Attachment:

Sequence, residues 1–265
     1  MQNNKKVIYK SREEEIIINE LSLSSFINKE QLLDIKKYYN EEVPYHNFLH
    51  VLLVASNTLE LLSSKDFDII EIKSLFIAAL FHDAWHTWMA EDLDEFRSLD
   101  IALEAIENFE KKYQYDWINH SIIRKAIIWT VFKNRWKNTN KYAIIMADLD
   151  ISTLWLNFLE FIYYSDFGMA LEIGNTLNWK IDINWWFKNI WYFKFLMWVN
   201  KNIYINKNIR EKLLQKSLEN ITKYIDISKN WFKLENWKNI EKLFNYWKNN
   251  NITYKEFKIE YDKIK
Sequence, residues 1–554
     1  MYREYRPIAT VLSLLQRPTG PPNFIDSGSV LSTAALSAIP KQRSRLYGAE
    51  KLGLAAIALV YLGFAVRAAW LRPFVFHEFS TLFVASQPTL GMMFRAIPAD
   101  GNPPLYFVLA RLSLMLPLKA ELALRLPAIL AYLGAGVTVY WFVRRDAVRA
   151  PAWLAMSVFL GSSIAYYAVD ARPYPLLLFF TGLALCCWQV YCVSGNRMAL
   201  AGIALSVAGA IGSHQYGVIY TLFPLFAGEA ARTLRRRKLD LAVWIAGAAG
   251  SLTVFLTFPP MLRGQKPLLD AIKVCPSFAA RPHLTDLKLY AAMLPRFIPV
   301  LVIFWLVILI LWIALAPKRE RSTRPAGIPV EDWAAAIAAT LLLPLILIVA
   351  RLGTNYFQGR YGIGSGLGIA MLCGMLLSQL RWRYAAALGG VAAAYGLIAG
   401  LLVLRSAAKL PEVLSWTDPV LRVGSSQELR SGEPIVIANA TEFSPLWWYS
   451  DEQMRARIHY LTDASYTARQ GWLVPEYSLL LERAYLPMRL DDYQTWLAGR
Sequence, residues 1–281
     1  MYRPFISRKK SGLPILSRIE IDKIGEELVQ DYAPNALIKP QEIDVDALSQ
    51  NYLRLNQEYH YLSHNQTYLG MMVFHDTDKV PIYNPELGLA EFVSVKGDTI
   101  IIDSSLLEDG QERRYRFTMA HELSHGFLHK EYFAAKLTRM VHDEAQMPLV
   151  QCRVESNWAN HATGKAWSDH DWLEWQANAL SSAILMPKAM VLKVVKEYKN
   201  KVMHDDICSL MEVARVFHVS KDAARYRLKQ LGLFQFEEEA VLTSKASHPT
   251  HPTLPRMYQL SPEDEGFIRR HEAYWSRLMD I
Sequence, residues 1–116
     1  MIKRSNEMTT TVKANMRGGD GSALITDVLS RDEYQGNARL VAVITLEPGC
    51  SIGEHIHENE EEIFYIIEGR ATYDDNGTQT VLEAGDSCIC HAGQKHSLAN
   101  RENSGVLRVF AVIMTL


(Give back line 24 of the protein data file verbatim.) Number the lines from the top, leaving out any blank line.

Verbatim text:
   201  KVMHDDICSL MEVARVFHVS KDAARYRLKQ LGLFQFEEEA VLTSKASHPT